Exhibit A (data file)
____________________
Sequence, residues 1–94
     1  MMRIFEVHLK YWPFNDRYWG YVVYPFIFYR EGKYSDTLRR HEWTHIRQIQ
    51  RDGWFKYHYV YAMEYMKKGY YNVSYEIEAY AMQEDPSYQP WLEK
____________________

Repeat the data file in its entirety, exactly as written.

Sequence, residues 1–94
     1  MMRIFEVHLK YWPFNDRYWG YVVYPFIFYR EGKYSDTLRR HEWTHIRQIQ
    51  RDGWFKYHYV YAMEYMKKGY YNVSYEIEAY AMQEDPSYQP WLEK